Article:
The exchange of payment instructions is a critical component of the financial world – between local, regional, or international banks and financial institutions. Albeit the agile technology advancements, there has been a lack of a universal standard between these institutions, resulting in inefficient interoperability and increased costs for the parties involved.
With the global real-time payments market expected to grow at a CAGR of almost 35% between 2020 to 2030, there is a need for more standardized rules and systems to exchange payment instructions. Some of the challenges with the existing financial messaging format are:
1) Disparate messaging formats- Every country, bank, and financial institution has been adhering to its respective message format for financial transactions. Such multiple formats have further hampered the payment process for cross-border payments.
2) Tardy reconciliation process- The limited space in MT formats can constrain remittance information, leading to truncated/lost data, cascading into delays in processing payments and sometimes rejected transactions.
3) Inefficient cash flow management- The lack of transparency in messaging formats can lead to uncertainties with the payments, leaving the parties involved in limbo. It impacts their cash flow management by not knowing if a payment transaction is stuck, delayed, or rejected.
4) False fraud alerts- With the multitude of messaging formats, several cross-border payments are often flagged as fraudulent due to a lack of complete data or a mismatch of compliance requirements. It then requires significant manual human intervention to clear these payments.
Introduced in 2004 initially, the ISO 20022 has been modified for this reason. It will provide a standardized global language for financial messaging covering trade, cards, payments, securities, and FX. Banks and financial institutions would benefit from migrating from the existing SWIFT MT to the newer ISO 20022 or MX. This change can support the overhaul that the payment industry is undergoing, bringing about much-needed transparency and efficiency in the industry. Institutions can leverage this to provide better services while enhancing the customer experience.
Some of the significant benefits include the following:
1) ISO 20022 provides structured data in a global language and model that is common to payment modes and can thus facilitate seamless cross-border transactions with instant processing.
2) It allows for much more information about the reason for the payment (remittance data), which is more holistic, covering details of the purpose, source, and beneficiary, potentially allowing for automated reconciliation between invoices and payments.
3) More data exchange means greater visibility and real-time status of the payment, thus providing a better experience to the parties involved.
4) Using technology such as AI/ML/NLP, banks and financial institutions can leverage the ISO 20022 messaging to analyze better and better manage cash flows, detect frauds, and enhance reporting, among others.
Although there are many benefits, the complexities and inter-dependencies that entail transitioning to ISO 20022 standard can be daunting. It could involve overhauling the existing legacy systems, infrastructures, and architectures. It could also require redefining data models and altering middleware too while ensuring compliance. An institution may factor in the time and monetary aspects and make the transition to the ISO 20022 financial messaging standard using either a big bang migration or a translation approach.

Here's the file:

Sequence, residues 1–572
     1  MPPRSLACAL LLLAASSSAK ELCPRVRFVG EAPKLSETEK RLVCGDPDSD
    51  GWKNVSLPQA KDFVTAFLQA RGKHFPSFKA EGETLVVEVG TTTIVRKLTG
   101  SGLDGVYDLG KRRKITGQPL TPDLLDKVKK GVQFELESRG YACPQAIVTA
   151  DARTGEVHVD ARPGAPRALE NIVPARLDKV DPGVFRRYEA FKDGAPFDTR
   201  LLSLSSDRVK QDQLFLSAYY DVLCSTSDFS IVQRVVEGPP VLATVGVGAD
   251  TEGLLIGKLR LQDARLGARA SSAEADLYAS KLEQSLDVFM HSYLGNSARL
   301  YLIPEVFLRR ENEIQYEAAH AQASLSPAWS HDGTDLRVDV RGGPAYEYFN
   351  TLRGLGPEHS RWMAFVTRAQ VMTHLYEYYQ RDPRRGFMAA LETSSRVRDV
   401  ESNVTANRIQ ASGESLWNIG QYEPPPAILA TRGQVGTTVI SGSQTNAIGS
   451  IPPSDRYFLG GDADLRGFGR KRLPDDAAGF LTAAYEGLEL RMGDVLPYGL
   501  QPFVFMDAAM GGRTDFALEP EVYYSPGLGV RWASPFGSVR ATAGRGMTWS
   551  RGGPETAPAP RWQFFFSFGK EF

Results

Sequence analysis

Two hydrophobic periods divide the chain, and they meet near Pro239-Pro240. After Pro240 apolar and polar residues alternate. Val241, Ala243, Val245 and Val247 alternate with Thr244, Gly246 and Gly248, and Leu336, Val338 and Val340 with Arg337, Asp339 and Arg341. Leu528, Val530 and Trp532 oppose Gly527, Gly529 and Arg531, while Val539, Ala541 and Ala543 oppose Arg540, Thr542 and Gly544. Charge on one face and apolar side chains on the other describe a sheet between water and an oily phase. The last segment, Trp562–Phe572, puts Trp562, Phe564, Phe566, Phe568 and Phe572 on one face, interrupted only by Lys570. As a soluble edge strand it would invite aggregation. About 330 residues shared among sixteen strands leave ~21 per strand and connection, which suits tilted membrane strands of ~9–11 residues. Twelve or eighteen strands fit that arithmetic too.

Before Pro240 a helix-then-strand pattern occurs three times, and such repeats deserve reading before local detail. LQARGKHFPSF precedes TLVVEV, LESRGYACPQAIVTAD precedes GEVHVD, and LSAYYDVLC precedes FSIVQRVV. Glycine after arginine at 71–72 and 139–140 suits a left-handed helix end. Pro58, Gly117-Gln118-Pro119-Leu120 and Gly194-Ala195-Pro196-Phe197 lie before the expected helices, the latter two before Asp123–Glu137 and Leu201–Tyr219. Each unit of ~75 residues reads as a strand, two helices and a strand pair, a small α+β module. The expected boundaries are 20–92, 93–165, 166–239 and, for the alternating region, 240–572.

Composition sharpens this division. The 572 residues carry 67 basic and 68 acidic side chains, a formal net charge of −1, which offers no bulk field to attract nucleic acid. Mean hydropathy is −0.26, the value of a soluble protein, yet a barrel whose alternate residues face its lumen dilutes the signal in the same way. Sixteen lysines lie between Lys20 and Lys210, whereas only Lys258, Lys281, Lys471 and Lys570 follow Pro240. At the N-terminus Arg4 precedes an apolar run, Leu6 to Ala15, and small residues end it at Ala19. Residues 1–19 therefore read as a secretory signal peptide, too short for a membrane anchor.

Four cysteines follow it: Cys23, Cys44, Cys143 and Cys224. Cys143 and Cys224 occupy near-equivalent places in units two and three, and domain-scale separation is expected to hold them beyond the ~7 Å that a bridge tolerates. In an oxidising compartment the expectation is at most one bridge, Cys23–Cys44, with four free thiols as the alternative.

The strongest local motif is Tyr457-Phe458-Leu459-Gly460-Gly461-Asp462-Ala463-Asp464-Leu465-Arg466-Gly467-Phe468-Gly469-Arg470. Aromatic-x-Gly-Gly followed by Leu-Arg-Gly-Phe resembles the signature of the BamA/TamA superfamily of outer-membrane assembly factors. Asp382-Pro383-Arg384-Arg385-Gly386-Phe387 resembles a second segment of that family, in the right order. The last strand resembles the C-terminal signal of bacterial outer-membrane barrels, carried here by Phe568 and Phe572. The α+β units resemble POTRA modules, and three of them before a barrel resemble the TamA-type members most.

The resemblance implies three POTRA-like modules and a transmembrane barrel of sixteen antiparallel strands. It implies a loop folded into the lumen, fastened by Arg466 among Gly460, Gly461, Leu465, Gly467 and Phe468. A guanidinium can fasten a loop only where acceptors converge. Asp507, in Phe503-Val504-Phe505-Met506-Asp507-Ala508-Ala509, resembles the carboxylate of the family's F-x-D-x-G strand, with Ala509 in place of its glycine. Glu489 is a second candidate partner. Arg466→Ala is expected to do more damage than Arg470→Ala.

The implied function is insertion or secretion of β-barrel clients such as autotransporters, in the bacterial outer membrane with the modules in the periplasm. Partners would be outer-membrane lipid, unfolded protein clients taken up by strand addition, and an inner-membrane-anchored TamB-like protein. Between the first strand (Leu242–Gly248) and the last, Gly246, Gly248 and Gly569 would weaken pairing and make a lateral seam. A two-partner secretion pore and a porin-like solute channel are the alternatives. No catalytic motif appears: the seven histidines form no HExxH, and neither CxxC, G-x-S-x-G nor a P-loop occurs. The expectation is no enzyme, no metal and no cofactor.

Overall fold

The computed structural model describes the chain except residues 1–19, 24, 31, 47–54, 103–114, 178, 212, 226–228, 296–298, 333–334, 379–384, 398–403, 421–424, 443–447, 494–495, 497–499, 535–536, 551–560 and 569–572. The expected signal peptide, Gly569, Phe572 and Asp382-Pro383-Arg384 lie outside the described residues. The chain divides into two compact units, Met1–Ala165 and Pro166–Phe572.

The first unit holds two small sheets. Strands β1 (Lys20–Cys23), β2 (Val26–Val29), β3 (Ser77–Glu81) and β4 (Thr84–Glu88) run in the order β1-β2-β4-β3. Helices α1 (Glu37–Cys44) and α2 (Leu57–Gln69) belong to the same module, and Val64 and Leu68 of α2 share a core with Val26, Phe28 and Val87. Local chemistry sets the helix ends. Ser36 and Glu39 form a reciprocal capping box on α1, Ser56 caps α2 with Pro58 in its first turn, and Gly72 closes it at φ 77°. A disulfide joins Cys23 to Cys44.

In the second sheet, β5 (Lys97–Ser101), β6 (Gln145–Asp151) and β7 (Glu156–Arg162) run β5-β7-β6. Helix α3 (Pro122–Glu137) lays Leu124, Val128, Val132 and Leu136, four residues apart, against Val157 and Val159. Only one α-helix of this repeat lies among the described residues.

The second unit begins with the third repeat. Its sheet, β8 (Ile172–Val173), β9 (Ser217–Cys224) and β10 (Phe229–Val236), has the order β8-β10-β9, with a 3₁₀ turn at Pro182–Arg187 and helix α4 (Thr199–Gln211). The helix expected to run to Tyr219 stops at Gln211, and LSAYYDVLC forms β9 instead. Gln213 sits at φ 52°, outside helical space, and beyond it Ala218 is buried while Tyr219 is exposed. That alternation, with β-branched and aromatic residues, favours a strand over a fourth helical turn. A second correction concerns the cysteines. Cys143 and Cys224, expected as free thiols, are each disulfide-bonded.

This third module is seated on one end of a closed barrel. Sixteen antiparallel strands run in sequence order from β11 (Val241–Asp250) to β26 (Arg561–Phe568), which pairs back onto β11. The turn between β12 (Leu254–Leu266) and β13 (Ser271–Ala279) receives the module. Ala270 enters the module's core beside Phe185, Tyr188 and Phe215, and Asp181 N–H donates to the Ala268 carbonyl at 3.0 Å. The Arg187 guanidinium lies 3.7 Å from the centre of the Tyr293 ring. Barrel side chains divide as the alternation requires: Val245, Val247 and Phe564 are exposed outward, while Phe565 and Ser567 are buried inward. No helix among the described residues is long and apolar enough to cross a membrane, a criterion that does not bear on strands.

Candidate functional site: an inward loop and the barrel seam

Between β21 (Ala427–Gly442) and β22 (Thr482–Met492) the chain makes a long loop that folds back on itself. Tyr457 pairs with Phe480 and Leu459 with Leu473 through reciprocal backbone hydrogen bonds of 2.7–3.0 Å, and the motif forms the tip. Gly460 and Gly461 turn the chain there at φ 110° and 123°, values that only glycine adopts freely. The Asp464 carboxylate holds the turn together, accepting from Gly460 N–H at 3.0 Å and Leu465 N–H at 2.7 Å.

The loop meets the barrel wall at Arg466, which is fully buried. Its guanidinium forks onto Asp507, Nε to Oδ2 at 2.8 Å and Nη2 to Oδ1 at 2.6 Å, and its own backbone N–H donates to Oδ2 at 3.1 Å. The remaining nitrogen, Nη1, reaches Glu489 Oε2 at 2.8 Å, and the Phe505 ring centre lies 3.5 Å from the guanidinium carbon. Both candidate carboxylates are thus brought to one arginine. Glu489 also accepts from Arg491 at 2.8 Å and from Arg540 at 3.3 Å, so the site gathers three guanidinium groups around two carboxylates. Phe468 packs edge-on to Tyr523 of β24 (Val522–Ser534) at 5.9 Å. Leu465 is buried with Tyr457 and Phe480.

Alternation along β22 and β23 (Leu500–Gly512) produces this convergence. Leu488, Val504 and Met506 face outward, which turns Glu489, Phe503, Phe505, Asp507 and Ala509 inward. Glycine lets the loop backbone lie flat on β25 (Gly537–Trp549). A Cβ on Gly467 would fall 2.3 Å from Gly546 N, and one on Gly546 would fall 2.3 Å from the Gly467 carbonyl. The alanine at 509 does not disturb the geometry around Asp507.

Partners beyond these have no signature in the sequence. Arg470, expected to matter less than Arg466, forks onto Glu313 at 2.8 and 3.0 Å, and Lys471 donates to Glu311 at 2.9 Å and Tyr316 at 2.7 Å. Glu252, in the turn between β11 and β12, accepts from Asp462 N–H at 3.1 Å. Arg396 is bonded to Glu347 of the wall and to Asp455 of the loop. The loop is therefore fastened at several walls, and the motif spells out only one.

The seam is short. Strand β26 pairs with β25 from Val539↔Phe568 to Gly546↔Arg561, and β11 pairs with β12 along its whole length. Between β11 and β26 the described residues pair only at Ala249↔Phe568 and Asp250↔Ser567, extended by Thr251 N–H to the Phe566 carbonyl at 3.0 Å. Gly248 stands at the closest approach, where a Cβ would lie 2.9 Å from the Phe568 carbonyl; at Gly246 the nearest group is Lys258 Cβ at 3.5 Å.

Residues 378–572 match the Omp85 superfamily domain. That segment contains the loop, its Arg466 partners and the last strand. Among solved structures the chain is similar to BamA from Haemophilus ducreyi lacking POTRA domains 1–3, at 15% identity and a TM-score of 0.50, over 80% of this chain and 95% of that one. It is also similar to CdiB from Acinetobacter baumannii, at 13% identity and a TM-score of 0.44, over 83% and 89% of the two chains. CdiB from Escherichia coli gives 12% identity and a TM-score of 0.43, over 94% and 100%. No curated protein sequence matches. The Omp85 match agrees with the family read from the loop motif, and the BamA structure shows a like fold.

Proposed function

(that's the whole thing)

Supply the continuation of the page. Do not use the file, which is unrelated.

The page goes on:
Given its efficiency and tactical advantages, the translation approach is more widely adopted by banks. The translation approach is a swifter method to comply with the ISO 20022 financial messaging standard, which will help banks and financial institutions accelerate their next growth phase. This translation solution typically involves a ‘smart translator’ with pre-built libraries to convert legacy FIN messages to ISO messages and vice versa. While the translation solution will help banks achieve compliance quickly, it gives them time to understand and appreciate the rich ISO messaging format, strategically plan to enhance their payment systems, and utilize the benefits of ISO 20022 messages. This approach does come with its own potential set of challenges. Banks and financial institutions must ensure they partner with the best banking technology specialists, who have proven solutions and deep payment expertise, and are adept in enabling the success of payment systems despite both types of messages coexisting in the system.
While the translation approach is a quick fix that can provide immediate compliance, it would also benefit banks and financial institutions to plan a big migration approach to truly leverage and realize the multiple benefits of ISO 20022 financial messaging. Such migration will require more resources and long-term strategic planning, with world-class banking technology expertise to seamlessly convert this ISO 20022 migration into a more competitive and contextual transformation.
Being already in use across 70 countries, ISO 20022 will soon be the de facto standard for high-value payments of all reserve currencies. By 2025, ISO 20022 will become a default standard for high-value payment systems for 80 percent of transaction volumes and 87 percent of transaction value globally. Agility and being future-ready are crucial for an industry in constant flux – achievable by working with bank tech specialists who can seamlessly lead through technology transformations significant to the banking and financial ecosystem.
About the Author
Anand Nagarajan is an Enterprise Solution Architect providing Software Design & Integration Architecture for Banking platforms. He specializes in Digital transformation, Temenos core banking and payments implementation. He has overall 18 years of IT experience.
Originally Published in Express Computers